you go, girls

1. Girls Do Science

Last week, I was babysitting a 7-year-old girl named Sadie. I casually asked, "What do you want to be when you grow up?" She looked up from her project, constructing a cardboard house, and said, "Oh, I want to be an architect and a designer, and invent lots of things." And she went back to working. At her age, she hasn't been exposed to the stigma that science is for boys, and the fact that the field of science is dominated by men. She likes building and science, so why wouldn't she pursue it as a career?

7 of 10 girls are like Sadie: they're interested in science. However, only 2 out of 10 of these girls will defy stereotypes and have a science-based career. Microsoft asked bright young girls about their thoughts on this, in their video Girls Do Science. (This one is also really good!)

2. Teach Girls Bravery, Not Perfection

I read an article on Psychology Today about how being a bright young girl can hinder you in the long run. I clicked on it, a little bit scared as to what I would read. I learned that there is an issue in the way girls are educated at school: they are praised for their perfection in a certain area, or for their innate goodness. All the while, rowdy little boys are told they can do something "if they would just apply themselves." Through no fault of their own, this leads women to think their abilities are unchangeable: that they are good in one field and bad in another. On the other hand, boys see the opportunity to improve in a field by how hard they focus or work. In the same way, this makes women believe they are to be perfect. As women feel the need to be perfect, they shy away from risks or challenges. Reshma Saujani explores this in her TED Talk, and tells us what we can do about it.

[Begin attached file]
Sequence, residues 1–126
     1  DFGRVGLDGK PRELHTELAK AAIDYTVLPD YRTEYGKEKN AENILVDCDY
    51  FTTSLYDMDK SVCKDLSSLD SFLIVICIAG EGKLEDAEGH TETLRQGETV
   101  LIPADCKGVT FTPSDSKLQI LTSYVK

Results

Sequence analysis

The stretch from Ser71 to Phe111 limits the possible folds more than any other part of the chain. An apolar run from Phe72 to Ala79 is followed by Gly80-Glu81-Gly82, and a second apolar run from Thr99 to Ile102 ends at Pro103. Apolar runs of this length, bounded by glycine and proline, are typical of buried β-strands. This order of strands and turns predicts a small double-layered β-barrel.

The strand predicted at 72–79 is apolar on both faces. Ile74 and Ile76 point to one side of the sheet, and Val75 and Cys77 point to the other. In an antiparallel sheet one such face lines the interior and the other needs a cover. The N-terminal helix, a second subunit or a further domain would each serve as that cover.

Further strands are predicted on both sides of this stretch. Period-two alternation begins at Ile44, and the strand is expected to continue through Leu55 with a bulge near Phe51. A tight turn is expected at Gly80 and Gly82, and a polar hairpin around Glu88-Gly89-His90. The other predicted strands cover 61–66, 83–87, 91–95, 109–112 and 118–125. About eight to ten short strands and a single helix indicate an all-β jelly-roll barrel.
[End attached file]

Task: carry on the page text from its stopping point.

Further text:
3. Tory Burch Embrace Ambition

This video, recently released by the Tory Burch foundation, was made on the basis that "ambition" in the business world is a positive for men: meaning successful or powerful. But for women, it can be used as a negative: meaning greedy, selfish, or pushy. The video is a call to action to women (and men) to "own your power, own your drive, own your dreams...embrace ambition."


Too often women shy away from embracing what they're passionate about, the very thing that sets us apart. Passion is not something to bury; but rather we should wear our passions like the clothes on our back. Our dreams are not embarrassing or "too ambitious," we should spread them like wildfire.

Girls: know that this is your life, and no one can tell you what to do with it. So go, build that robot, build that empire, wear that outfit that makes you feel strong. Be ambitious, be confident, be kind (but take no sh*t).


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